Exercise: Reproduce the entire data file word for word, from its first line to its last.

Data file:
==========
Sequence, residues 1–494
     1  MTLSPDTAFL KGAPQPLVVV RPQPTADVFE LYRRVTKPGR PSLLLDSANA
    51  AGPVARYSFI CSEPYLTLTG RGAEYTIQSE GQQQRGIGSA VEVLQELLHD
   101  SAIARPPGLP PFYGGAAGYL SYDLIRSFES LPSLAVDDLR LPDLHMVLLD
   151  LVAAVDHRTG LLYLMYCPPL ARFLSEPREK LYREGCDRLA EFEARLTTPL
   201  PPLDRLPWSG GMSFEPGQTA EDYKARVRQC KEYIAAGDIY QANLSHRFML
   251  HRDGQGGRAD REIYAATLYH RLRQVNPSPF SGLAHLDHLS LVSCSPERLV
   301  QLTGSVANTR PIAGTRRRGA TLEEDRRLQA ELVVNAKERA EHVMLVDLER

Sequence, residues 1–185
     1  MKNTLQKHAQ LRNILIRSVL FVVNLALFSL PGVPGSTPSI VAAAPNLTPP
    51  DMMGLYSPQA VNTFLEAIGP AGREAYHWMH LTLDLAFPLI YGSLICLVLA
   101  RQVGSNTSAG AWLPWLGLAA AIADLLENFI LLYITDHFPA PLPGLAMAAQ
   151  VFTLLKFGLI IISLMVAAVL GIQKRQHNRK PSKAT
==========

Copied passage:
Sequence, residues 1–494
     1  MTLSPDTAFL KGAPQPLVVV RPQPTADVFE LYRRVTKPGR PSLLLDSANA
    51  AGPVARYSFI CSEPYLTLTG RGAEYTIQSE GQQQRGIGSA VEVLQELLHD
   101  SAIARPPGLP PFYGGAAGYL SYDLIRSFES LPSLAVDDLR LPDLHMVLLD
   151  LVAAVDHRTG LLYLMYCPPL ARFLSEPREK LYREGCDRLA EFEARLTTPL
   201  PPLDRLPWSG GMSFEPGQTA EDYKARVRQC KEYIAAGDIY QANLSHRFML
   251  HRDGQGGRAD REIYAATLYH RLRQVNPSPF SGLAHLDHLS LVSCSPERLV
   301  QLTGSVANTR PIAGTRRRGA TLEEDRRLQA ELVVNAKERA EHVMLVDLER

Sequence, residues 1–185
     1  MKNTLQKHAQ LRNILIRSVL FVVNLALFSL PGVPGSTPSI VAAAPNLTPP
    51  DMMGLYSPQA VNTFLEAIGP AGREAYHWMH LTLDLAFPLI YGSLICLVLA
   101  RQVGSNTSAG AWLPWLGLAA AIADLLENFI LLYITDHFPA PLPGLAMAAQ
   151  VFTLLKFGLI IISLMVAAVL GIQKRQHNRK PSKAT